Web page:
El potencial económico en la producción comercial para el cultivo de granadas en Florida es actualmente desconocido en este momento. La investigación científica continúa sobre la posibilidad de encontrar variedades de granadas que puedan crecer en Florida. Las condiciones ambientales, con una alta temporada húmeda en la Florida, y un clima caluroso, son factores que son favorables para las enfermedades en las granadas y eso reduce la calidad de esta fruta, especialmente para las variedades de temporada tardía como la variedad ‘Wonderful’. ‘Wonderful’ es el principal cultivar comercial que se originó en la Florida. Para reducir las enfermedades y evitar la competencia de comercialización con las granadas de California, la investigación para la producción de granadas en la Florida debe centrarse en buscar variedades de temporada temprana que puedan cosecharse en julio y agosto. This six-page document is the Spanish translation of HS44, The Pomegranate. Written by Ali Sarkhosh and Jeff Williamson, translated by Eva Pabon, and published by the UF/IFAS Horticultural Sciences Department.
The importance of protecting perishable foods from loss of quality during transport has long been recognized. Increased recognition of the importance of the transport link in the food distribution cold chain in securing the safety of perishable foods has more recently become as well recognized.
This updated edition reflects the dynamic changes and innovations in the handling and transportation of perishable foods. Some of these include improved insulation and air movement, microprocessors for more efficient refrigeration, expert systems to control the transport environment and conserve fuel energy, and the use of telematics to monitor and control the performance of refrigerated vehicles during transit. This edition includes descriptions and recommendations for food transported over the road and by rail in marine containers, as well as in railcars. This 214-page revision was written by J. K. Brecht, Steven A. Sargent, Patrick E. Brecht, Jorge Saenz, and Leonard Rodowick and published by the UF/IFAS Horticultural Sciences Department in cooperation with the USDA AMS Transportation Services Division.
All eight species of Bidens in Florida are commonly referred to as Spanish needles or beggar-ticks. This document focuses on Bidens alba and B. pilosa, which are common weeds in container nurseries and landscapes in Florida. This 6-page EDIS publication, written by Yuvraj Khamare, Chris Marble, Shawn Steed, and Nathan Boyd and published by the UF/IFAS Environmental Horticulture Department, is designed for landowners, gardeners, horticulturalists, and consumers hoping to learn more about Spanish needle classification and management.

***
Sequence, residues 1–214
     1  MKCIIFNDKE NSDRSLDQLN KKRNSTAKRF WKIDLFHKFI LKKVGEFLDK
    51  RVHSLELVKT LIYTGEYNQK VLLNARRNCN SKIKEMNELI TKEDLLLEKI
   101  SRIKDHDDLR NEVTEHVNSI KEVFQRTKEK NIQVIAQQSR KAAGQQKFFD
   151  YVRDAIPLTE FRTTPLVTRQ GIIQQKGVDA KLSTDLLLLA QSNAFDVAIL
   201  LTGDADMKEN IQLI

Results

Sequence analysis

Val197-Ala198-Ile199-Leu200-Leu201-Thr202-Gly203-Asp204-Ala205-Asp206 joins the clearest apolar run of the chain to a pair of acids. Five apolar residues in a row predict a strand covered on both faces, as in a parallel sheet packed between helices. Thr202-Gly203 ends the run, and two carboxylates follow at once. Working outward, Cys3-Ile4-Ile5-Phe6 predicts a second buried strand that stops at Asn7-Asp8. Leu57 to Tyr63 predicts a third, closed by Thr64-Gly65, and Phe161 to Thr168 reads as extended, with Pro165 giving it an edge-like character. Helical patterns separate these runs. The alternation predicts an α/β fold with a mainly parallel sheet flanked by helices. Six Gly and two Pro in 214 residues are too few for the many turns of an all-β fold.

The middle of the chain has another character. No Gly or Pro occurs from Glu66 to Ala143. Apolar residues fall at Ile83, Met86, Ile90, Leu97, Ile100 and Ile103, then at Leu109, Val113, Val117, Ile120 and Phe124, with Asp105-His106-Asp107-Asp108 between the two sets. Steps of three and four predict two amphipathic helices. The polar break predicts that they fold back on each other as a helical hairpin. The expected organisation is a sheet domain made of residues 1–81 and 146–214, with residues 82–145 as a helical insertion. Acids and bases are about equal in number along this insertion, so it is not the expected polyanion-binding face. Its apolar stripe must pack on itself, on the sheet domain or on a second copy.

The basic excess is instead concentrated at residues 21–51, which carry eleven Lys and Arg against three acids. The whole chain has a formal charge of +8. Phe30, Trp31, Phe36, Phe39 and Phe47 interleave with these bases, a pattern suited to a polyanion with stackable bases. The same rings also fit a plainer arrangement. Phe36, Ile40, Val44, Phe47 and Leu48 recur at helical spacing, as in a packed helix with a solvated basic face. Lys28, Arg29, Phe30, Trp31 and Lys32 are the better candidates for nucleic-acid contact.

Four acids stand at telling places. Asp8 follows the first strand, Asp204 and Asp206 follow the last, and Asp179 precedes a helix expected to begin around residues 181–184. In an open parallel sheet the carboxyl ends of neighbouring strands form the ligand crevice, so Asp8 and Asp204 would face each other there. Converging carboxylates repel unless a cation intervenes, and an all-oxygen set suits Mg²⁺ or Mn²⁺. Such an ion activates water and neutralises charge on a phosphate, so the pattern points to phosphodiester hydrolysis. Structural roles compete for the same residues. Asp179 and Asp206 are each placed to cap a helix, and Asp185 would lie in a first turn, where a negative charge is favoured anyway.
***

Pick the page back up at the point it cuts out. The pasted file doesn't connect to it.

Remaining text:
Southern highbush blueberries combine the fruit quality and productivity of highbush blueberries with the low chilling requirement necessary to produce a crop in the Florida climate. Written by J. G. Williamson, D. A. Phillips, P. M. Lyrene, and P. R. Munoz and published by the UF/IFAS Horticultural Sciences Department, this 13-page major revision describes current and historical southern highbush blueberry cultivars released by the University of Florida.
While the desire to implement urban agriculture projects is growing in popularity, there is little information available to help Extension agents and interested citizens fully understand how to implement urban agriculture in their community. This new 11-page document provides an overview of key information required to establish an urban agriculture ordinance. Case studies from urban agriculture initiatives in Florida provide real-world examples of the required activities, potential challenges, and beneficial partners for implementing these initiatives. Resources related to the case studies and additional urban agriculture resources can be found at the end of the document, so that readers can find further information specific to their interests and needs. Written by Candace A. Spencer, Catherine G. Campbell, Anna Prizzia, and Liz Felter, and published by the UF/IFAS Horticultural Sciences Department.
Alpine strawberries (Fragaria vesca) produce edible and highly aromatic strawberries known for their excellent eating quality. The berries are fragile and not suitable for long-distance shipping, which inhibits trade on the international market but also provides an opportunity for growers catering to local markets and for homeowners interested in growing this unique and delicious strawberry. This 5-page fact sheet written by Alan Chambers and published by the UF/IFAS Horticultural Sciences Department describes yield and fruit quality for several varieties to guide potential growers. The results of this project are anticipated to benefit growers and homeowners looking to cultivate specialty alpine strawberries.
This 3-page document profiles tropical whiteweed, a common weed of agriculture crops, wetlands, roadsides, and pastures in many parts of the world, and discusses how to manage this weed in citrus groves. Written by Ramdas Kanissery, Brent Sellers, and Steve Futch and published by the UF/IFAS Horticultural Sciences Department, January 2019.